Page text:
Poul-Erik Høyer is set to secure a third term as BWF President ©Getty Images

Poul-Erik Høyer is poised to be re-elected unopposed as Badminton World Federation (BWF) President at tomorrow’s Council elections and Annual General Meeting (AGM) where members will have the chance to usher in a new scoring system.

The Danish Olympic gold medallist and International Olympic Committee (IOC) member has been listed as the only candidate standing for President in the BWF’s agenda for tomorrow’s virtual meeting.

Høyer is now expected to secure a third term after being elected to the top office in 2013 before gaining a second four-year spell without challenge in 2017.

Khunying Patama Leeswadtrakul of Thailand and Paul Kurzo of Switzerland are also set to retain their roles of BWF Deputy President and BWF vice-president for Para-badminton, respectively, after standing unopposed.

Thirty candidates are also due to battle it out for the 20 remaining seats on the BWF Council.

Høyer, now 55, won the Olympic men's singles title at Atlanta 1996 and also won the European Championships three times.

He was elected as an IOC member in 2014 and became BWF President after South Korea's Kang Young-joong stepped down.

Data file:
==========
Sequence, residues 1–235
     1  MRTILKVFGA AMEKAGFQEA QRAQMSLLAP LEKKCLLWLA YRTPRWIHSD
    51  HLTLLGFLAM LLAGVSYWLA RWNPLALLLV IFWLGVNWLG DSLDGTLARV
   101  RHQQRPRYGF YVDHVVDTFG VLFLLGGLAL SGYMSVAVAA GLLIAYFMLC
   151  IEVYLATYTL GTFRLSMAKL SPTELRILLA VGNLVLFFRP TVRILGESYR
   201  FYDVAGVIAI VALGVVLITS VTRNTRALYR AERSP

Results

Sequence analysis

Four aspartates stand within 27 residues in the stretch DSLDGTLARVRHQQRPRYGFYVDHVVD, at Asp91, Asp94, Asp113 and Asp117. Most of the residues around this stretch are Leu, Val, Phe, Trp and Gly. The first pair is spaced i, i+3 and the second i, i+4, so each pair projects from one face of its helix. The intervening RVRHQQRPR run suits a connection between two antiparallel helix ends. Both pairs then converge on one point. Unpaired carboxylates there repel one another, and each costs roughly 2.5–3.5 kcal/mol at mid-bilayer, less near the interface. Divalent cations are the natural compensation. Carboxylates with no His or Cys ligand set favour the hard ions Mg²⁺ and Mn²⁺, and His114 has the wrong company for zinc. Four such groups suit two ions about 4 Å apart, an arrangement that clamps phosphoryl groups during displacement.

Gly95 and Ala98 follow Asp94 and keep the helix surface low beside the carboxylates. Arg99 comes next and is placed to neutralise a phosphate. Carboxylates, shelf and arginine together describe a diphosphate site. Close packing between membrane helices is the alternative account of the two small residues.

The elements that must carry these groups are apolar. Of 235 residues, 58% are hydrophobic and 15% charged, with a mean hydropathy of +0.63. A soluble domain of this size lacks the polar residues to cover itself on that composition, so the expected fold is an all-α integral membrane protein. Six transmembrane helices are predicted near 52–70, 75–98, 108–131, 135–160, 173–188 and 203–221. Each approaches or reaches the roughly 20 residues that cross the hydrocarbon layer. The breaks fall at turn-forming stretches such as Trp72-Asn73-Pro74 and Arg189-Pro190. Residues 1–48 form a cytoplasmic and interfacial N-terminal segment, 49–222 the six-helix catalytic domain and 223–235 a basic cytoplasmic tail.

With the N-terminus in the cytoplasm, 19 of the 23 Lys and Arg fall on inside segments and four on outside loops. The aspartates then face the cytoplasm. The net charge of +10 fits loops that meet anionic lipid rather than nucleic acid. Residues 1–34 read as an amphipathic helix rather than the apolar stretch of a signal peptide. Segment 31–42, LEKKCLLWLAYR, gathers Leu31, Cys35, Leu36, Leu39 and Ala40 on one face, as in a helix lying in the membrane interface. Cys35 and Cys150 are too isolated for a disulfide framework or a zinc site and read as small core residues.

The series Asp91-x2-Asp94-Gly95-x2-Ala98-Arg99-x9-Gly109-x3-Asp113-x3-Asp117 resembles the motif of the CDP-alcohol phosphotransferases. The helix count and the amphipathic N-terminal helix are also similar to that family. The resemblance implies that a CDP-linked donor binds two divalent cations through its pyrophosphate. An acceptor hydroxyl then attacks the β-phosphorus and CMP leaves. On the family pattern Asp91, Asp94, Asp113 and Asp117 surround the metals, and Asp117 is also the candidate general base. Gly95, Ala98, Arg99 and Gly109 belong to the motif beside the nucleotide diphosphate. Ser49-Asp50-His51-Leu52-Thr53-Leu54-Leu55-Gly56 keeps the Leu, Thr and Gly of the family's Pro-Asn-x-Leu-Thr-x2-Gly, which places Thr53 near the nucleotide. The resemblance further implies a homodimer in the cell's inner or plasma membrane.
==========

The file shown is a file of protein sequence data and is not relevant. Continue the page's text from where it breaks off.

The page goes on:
The Dane is currently overseeing a potential change to the sport's scoring system which would result in a best-of-five format and the first to 11 points.

Badminton Indonesia and Badminton Association of Maldives have tabled the proposals which have been seconded by Badminton Asia, Badminton Korea Association and Chinese Taipei Badminton Association.

A two-thirds majority will be needed at the AGM to usher in the new system which has received the support of Høyer.

Members of the Badminton World Federation are set to vote on changes to the scoring system at tomorrow's AGM ©Getty Images
Members of the Badminton World Federation are set to vote on changes to the scoring system at tomorrow's AGM ©Getty Images

"The proposed scoring system change is part of my vision to make badminton more exciting and to increase the entertainment value for stakeholders and fans," said Høyer.

"The last time this topic was tabled it did resonate with a significant section of our membership with a narrow verdict met.

"We concede the timing was not right back then, but I'm pleased to see this being driven by the membership once more.

"This is only proposed to be introduced after the Tokyo 2020 Olympic and Paralympic Games.

"So, I'm confident this is a more favourable time to affect this change."

An attempt was made to change the scoring system at the 2018 AGM in Bangkok, but of the 252 votes cast only 129 were in favour.

This year’s AGM will be the third such meeting to be held online following 2020's AGM and January's Extraordinary General Meeting (EGM).

An EGM was held to address proposals to amend the BWF Constitution in a bid to provide a "clear framework" for AGMs to take place in a virtual or hybrid format, and to ratify the use electronic voting systems.

This was done as the COVID-19 pandemic would otherwise prevent many delegates from being able to attend the AGM and participate in elections.